• Mike Stallard

      Yup – all true.
      What you have not mentioned is the devastation caused by amateur and, I am afraid, professional psychologists. I visited one boy of 18, the victim of his parents’ divorce. He presented me with a list of his ailments – all careful acronyms – including, of course, dyslexia (How can a dyslexic do acronyms – only asking!)
      The result was that he was hopeless. Hopeless. He was sick and a psychiatrist had told him so. all his initiative was gone. He had put on a lot of weight and he was really really good at Call of Duty.
      I wonder how many other boys are categorised as unteachable and rendered hopeless by Ritalin?

    • Dominic Stockford

      Stress holds bridges up, they fall down when it becomes distress.
      The same with people. All people.

      • CliveM

        Agreed, we can all succumb.

  • Hi

    Given that women Priests have been established in the church of England since 1992,is there any surprise at the reaction here? I actually think whoever decided the appointment might’ve known that appointing a bishop who disagrees with the actual official policy of the church of England would cause controversy for all concerned?

    I think that the appointment process is at fault and seems very secretive. Does the church even advertise the job of bishop, ask for a CV and interview potential candidates?Does the normal membership get a vote? In fact it seems the way bishops are appointed are at fault and seems like some kind of secretive magic circle.

    • IrishNeanderthal

      Hannah,

      Recently you raised the point that since there already women priests, why not women bishops? To modern ears that sounds logical, but

      THE idea of logic is so entirely lost in this phase of philosophical history, that even those who invoke it do so rather as the Athenians once invoked the Unknown God, or the men of the Dark Ages retained a dim respect for Virgil as a conjurer. The very people who say, ‘be logical’, will generally be found to be quite illogical in their own notion of logic.
      . . . . .
      Let us begin with a trifle that does not matter in the least. He loved to argue about trifles that do not matter in the least. Some journalist the other day shook the foundation of the universe and the British Empire by raising the question of whether a girl ought to smoke a cigar. But what I noted about his, and about the hundred eager correspondents who pursued this great theme, was that they wrote again and again some such sentence as this: ‘If you like a girl to smoke a cigarette, why can’t you be logical and like her to smoke a cigar?’ Now I do not care an ounce of shag whether she smokes a cigarette or a cigar or a corn-cob pipe or a hubble-bubble, or whether she smokes three cigars at once, or whether she is an Anti-Tobacco crank. But it is none the less true that when a man writes that sentence telling us to ‘be logical’, he shows that he has never even heard of the nature of logic. He might just as well write: ‘You like the look of a horse; why won’t you be logical and like the look of a hippopotamus?’ The only answer is, ‘Well, I don’t; and it is not illogical, because it does not in any way invade the realm of logic.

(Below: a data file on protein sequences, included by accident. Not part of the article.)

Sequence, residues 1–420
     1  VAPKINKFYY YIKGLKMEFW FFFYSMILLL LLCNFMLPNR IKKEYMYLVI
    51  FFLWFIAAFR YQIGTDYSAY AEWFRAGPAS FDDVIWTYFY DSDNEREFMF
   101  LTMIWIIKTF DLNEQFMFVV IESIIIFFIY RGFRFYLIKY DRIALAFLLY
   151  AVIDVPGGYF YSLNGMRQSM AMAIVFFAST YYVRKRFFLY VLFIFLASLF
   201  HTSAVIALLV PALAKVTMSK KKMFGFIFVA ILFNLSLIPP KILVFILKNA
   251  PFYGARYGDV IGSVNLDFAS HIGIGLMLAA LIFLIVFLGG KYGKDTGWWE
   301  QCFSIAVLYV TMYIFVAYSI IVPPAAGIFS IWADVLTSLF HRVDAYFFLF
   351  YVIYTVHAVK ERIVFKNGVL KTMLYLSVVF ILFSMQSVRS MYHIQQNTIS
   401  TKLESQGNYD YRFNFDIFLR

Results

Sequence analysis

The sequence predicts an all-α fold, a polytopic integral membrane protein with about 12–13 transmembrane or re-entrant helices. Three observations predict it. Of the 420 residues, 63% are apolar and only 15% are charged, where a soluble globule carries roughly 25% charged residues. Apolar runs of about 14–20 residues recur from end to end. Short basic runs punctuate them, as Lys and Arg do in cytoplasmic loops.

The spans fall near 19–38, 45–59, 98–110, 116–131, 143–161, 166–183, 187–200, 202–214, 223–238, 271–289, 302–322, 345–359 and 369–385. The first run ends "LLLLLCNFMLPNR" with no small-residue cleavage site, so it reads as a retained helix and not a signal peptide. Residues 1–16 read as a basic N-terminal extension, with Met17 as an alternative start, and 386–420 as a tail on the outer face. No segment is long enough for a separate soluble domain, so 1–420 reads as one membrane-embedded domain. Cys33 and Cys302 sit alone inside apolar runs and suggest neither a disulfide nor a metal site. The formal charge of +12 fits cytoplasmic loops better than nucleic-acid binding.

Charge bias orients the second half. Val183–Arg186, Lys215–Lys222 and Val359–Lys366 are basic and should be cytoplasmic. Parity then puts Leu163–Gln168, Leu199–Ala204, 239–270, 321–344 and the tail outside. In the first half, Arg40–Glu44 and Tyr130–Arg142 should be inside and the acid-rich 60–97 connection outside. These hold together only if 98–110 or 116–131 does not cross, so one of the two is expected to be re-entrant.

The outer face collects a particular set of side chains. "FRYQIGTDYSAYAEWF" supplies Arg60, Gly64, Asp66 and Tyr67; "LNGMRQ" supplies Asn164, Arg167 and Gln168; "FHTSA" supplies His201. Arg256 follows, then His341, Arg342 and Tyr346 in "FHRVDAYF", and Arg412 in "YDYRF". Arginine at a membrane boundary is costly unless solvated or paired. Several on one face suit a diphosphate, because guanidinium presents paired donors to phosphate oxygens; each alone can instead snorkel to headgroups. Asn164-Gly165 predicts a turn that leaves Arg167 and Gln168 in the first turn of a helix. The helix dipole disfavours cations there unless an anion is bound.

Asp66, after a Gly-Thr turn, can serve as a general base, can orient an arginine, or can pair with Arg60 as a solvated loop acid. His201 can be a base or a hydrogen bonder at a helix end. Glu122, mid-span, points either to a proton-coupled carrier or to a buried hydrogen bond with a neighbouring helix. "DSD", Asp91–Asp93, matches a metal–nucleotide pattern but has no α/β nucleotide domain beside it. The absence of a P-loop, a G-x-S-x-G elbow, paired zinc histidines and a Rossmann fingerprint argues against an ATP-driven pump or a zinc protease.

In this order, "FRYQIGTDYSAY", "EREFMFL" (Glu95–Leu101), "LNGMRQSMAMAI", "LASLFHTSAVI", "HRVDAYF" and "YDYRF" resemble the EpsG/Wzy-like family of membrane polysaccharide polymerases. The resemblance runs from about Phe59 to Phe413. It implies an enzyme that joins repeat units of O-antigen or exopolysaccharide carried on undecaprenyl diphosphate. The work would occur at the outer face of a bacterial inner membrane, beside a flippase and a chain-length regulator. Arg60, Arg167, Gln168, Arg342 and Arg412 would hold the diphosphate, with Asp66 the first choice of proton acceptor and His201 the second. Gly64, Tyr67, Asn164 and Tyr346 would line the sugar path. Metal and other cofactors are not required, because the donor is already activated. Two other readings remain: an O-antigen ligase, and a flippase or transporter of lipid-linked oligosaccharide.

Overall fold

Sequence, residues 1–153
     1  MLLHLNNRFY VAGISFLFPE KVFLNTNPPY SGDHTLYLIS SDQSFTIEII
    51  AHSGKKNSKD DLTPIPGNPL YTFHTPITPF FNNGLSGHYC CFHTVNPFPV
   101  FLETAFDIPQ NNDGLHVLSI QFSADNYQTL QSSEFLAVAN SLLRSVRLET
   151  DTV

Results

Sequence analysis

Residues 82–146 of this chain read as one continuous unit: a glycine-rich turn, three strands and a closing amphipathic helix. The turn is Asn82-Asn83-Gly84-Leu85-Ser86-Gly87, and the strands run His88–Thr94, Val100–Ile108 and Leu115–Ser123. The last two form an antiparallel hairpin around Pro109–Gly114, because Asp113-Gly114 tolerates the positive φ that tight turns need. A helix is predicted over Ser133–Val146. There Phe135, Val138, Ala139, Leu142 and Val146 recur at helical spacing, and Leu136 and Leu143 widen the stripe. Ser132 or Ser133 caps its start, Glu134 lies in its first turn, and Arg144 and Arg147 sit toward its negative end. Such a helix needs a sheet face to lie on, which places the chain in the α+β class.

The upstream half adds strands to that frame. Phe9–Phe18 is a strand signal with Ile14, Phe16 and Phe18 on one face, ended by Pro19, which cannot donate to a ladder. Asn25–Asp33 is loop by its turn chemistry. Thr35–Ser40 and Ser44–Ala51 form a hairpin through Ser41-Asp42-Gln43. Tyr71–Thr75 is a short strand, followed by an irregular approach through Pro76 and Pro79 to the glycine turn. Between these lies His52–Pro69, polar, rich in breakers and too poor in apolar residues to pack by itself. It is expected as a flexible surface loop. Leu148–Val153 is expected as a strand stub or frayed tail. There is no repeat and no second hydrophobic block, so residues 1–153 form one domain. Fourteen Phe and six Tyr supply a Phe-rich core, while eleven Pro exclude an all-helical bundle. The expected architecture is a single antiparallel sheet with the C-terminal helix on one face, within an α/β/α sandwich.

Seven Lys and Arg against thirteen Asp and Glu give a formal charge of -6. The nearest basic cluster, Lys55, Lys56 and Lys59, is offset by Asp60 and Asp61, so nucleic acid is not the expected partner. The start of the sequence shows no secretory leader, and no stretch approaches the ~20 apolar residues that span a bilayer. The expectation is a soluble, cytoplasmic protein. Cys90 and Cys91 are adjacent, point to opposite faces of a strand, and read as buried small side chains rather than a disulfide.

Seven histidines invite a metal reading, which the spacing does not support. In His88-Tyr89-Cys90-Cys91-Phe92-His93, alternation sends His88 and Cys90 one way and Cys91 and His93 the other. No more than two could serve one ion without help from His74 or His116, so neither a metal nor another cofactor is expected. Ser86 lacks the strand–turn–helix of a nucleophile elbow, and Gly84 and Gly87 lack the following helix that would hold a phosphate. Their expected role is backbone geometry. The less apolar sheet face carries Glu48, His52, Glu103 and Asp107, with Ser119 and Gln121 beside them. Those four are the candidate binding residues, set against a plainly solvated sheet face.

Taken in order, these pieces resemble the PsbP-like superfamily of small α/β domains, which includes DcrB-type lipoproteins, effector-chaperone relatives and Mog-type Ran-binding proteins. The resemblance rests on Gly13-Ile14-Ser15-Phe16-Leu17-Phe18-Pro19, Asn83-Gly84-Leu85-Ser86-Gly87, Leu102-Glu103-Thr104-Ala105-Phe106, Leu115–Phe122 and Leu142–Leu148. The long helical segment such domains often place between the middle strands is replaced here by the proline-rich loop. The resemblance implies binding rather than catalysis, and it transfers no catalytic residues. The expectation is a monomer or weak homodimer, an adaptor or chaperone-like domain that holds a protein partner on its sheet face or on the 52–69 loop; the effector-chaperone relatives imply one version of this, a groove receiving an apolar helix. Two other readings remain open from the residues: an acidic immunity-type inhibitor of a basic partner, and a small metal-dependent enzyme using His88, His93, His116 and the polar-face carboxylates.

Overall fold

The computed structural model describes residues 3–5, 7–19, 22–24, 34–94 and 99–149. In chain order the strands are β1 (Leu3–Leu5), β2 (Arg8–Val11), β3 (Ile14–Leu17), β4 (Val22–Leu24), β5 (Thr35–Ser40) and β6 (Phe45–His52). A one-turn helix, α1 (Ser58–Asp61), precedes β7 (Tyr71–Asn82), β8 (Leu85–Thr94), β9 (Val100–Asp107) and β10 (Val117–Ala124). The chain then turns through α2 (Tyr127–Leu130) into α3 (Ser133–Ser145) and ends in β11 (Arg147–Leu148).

G.K.Chesterton, On Logic and Lunacy

    • CliveM

      Actually a good way around it’s, is too become Prespyterian!

  • dannybhoy

    I repeat, no true Christian would be involved in such a thing. Why do you think so many Christian men women and children were hung on stakes or torn to pieces in Roman arenas?

    • Sarky

      Funny, you’d jump in for that, but i don’t see you jump in when they get ‘ ripped to pieces’ on here.

      • dannybhoy

        I think you will find I have always argued for respect and understanding for anyone who struggles with their sexuality here on the blog..

        • CliveM

          Yes you do DB.

  • HedgehogFive

    In the 17th Century, one thing those women were superstitiously accused of was causing cattle to abort.

    In America recently, they almost elected as president a woman whose stock in trade seems to have been getting other women to abort: no superstition necessary to come to that conclusion.

    • Dominic Stockford

      Post-partum abortion, what is far worse. Until now known as infanticide.

  • Bob Frost

    Not only Jesus Christ who ‘might have suffered from mental illness’ but numerous Saints I would suggest. Hearing voices, talking to an imaginary being, having ‘visions’ etc indeed! Typical symptoms of serious mental illness.

    • Susan Ellis

      They used to lock them in solitary confinement and this was not good because they often more tuned in with a kind of necromancy trying to pray for peoples souls.

    • len

      Evolutionists?

    • carl jacobs

      Give him a hand, folks. He’s here all week.

  • CliveM

    Tooooooooo………….. painful ☹️

    • Hi

      Like today’s budget. A Tory government hitting the self employed and small businesses.

  • Ian G

    Jesus Christ suffers/ed from mental health problems? I could make a case for depression…